The Women’s March on Washington is going to D.C. — and staying in KC, along with other weekend protests

Britten Bolenbaugh leans forward in her seat as we talk inside a suburban coffeehouse in eastern Jackson County. She’s a yoga and Pilates teacher — never one to sit still for very long — but the movement she’s telling me about is different from any she has undertaken before.

Bolenbaugh this week leads hundreds of Missourians to the Women’s March on Washington, D.C., the day after Donald J. Trump’s inauguration as the 45th U.S. president. The election, she says, hit her hard. So two months ago, she put down $250 to secure buses, and she started gathering people for the journey.

“Here’s someone [Trump] who is backed by the KKK, someone so despicable that I thought we needed to say, ‘It’s not OK to treat people like crap.’ We need to stand up.”

Bolenbaugh is co-administrator of the Women’s March on Washington’s Missouri chapter, and the two buses leaving from KC will be full of signs and signifiers — knitted “Pussy Cat” stocking caps to wear, signs to carry. She estimates that, with buses leaving from Lawrence, Topeka and Kansas City, as well as vans and individual cars, some 1,000 area people will be among the D.C.-bound caravan.

Kansas Citians staying home are preparing in their own way. Marchers will gather in midtown Saturday, and community activists plan to meet on Sunday. A few thousand people are expected to attend a sister rally in Kansas City, at Washington Square Park, with music, speeches (centered on civil rights) and remarks from religious leaders on the agenda, and women’s marching band the Pythons among the performers. Afterward, a meet-and-greet at Union Station is supposed to happen.

According to a statement published by organizers for the Women’s March in Kansas City, “There is strength in our united numbers and together, we demand full representation of our diverse experiences. This election targeted people of color, the LGBTQ community, immigrant communities, our Muslim brothers and sisters, women and their Constitutionally protected reproductive rights, people with differing abilities, and those impacted by poverty. We vow to move forward from this rally holding accountable those providing leadership in our communities to represent our diverse needs and long established constitutional rights.”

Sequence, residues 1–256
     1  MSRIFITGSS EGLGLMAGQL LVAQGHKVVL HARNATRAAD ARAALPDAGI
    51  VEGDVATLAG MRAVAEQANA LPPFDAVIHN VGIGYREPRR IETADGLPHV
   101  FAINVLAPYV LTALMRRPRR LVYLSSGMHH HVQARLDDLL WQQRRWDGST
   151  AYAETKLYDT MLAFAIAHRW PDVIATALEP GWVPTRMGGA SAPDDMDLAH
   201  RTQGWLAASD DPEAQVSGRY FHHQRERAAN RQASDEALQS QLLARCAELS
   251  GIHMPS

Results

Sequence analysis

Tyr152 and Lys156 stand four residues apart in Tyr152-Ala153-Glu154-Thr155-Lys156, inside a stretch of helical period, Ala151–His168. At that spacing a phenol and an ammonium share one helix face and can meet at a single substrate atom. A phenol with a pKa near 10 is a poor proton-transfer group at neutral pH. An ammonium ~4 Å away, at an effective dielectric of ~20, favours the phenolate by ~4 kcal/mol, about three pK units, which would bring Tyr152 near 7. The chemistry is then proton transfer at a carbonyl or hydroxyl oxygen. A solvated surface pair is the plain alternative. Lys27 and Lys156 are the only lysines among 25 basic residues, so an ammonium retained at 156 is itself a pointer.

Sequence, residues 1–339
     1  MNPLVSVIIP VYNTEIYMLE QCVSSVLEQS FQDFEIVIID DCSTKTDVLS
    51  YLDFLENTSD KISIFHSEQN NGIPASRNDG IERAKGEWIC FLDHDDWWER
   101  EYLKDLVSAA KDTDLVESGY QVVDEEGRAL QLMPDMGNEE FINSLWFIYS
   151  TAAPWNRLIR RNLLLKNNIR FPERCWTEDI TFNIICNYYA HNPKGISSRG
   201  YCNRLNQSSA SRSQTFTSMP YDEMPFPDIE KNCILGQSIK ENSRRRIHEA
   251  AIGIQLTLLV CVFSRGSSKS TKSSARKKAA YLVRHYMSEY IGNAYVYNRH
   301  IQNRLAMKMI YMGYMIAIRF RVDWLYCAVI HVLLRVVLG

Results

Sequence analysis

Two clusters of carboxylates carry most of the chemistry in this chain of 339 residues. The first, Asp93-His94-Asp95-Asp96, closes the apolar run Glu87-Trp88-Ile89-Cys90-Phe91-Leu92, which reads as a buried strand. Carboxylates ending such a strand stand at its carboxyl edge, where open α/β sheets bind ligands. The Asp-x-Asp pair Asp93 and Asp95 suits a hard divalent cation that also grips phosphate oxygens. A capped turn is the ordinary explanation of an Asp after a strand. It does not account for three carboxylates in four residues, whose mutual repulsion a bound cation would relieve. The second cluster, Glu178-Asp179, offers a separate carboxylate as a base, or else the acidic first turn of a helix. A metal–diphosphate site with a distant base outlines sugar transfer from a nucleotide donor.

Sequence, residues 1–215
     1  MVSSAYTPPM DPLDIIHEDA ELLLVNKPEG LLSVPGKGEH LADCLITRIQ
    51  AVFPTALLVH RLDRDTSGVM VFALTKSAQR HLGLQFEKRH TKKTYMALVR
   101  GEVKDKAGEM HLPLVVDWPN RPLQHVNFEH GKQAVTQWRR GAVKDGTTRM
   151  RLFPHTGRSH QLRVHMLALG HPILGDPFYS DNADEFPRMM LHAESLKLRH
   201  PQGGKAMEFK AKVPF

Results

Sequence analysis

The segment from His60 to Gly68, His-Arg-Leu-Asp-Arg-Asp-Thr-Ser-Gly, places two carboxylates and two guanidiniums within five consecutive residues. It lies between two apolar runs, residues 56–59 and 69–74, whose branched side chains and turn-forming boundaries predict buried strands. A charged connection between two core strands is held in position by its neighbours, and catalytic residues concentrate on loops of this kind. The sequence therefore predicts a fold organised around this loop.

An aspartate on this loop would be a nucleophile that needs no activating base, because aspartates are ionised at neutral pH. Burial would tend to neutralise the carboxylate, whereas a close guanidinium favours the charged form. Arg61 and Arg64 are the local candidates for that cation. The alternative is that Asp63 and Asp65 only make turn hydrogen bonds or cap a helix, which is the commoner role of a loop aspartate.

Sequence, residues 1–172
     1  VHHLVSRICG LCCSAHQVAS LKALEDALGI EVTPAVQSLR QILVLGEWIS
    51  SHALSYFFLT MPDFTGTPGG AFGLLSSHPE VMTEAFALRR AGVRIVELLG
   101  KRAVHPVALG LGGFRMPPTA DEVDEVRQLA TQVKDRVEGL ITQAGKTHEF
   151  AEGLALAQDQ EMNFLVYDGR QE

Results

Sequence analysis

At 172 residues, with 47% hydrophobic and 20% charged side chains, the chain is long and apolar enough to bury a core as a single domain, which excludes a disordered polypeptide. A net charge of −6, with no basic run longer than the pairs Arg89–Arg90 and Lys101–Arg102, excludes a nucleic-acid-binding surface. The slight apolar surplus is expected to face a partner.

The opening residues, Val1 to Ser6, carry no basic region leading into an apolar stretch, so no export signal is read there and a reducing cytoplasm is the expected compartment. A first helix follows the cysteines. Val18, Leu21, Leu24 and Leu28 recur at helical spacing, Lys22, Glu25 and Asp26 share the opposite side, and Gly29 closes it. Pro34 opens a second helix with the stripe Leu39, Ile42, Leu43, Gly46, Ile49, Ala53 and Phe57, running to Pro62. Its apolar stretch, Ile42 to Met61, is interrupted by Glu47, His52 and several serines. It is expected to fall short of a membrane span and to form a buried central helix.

Planned Parenthood is sponsoring a panel discussion on Sunday evening at Unity Temple on the Plaza as a way to connect various activist groups following the election’s national and regional shift rightward. The focus is how to combat racism and sexism while uniting all the different groups as one collective.

“It is critical that we set a table for Kansas City social-justice organizations,” says Laura McQuade, president and CEO of Planned Parenthood Great Plains. “We feel it is important to have this dialogue. We all approach from our own individual experience — a gender experience, a race experience and we view the work through these lenses. It is important that if we are going to come together as a broader movement we have to see what others are experiencing because we really can be stronger together.”

Groups participating include Stand Up For Racial Justice (SURJ), One Struggle KC, Uzazi Village, and representation from labor and LGBT groups.

Bolenbaugh, who is headed to Ukraine with the Peace Corps this spring, is already looking beyond the march. She says she hopes that those who participate will become a cohesive group, ready to mobilize. Bolenbaugh, a Buddhist, is preparing educational lectures on Islam, government, immigration and LGBT issues as a way to bring people together.

“I am wanting people to get together face to face,” she says. “It’s about getting information out.”



Un-inauguration Event

5–7 p.m. at Roeland Park Community Center (4850 Rosewood Drive, Roeland Park)

Sign-making and other preparation for Saturday’s metro events

Nasty Folk benefit for the ACLU

Noon–9 p.m. (reception: 7:30 p.m.) at Greenwood, 1750 Belleview

Artists Rain Harris and Peregrine Honig, with sponsorship by Palomino Woodworks, have organized this one-day, “inauguration avoidance”–themed pop-up shop and party at the former Baptist church at this address. Artworks, gift certificates, food and services have been donated for sale, with proceeds going to the ACLU. See for details.


Women’s March on Washington in Kansas City

1–3 p.m.: Women’s March on Washington in Kansas City in Washington Square Park (Pershing and Grand)

Speakers from a cross-section of religions and community groups, plus music, hosted by the Greater Kansas City Women’s Political Caucus. Immediately following: organizational meet-and-greet at Union Station (30 West Pershing); marches are also planned on Saturday in Topeka, Columbia, St. Louis, Springfield, Lawrence, Wichita and Cape Girardeau.


Planned Parenthood Great Plains: The Intersection of Health Care Advocacy and Social Justice

4:30–6 p.m. at Unity Temple on the Plaza

Hosted by Planned Parenthood, this panel discussion brings together activists from different groups to work for common goals. Expected: Stand Up for Racial Justice (SURJ), One Struggle, Uzazi Village and representatives from labor groups and LGBT communities.

Categories: News, Politics